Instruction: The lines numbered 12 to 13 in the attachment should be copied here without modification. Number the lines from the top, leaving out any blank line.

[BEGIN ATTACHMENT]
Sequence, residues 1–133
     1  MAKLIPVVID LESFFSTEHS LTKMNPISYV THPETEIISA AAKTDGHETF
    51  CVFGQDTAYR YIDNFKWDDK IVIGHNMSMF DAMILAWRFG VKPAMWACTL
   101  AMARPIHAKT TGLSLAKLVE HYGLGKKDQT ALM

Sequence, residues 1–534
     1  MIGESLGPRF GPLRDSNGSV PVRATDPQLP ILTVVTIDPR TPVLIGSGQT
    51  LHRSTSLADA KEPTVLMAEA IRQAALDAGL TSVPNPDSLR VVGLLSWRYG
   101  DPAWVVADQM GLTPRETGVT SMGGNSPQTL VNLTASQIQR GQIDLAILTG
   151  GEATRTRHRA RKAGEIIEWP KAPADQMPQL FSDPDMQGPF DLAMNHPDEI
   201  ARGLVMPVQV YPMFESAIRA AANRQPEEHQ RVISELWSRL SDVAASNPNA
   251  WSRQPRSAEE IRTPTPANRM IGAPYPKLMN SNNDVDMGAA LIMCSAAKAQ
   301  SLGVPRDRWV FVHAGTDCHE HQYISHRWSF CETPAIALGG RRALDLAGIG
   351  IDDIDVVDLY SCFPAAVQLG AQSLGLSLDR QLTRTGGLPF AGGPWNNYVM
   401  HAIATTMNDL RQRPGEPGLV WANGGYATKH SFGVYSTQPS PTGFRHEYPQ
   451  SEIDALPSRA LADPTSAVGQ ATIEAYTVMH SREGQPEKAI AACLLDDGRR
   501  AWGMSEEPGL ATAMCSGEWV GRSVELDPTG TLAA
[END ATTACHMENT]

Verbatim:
   301  SLGVPRDRWV FVHAGTDCHE HQYISHRWSF CETPAIALGG RRALDLAGIG
   351  IDDIDVVDLY SCFPAAVQLG AQSLGLSLDR QLTRTGGLPF AGGPWNNYVM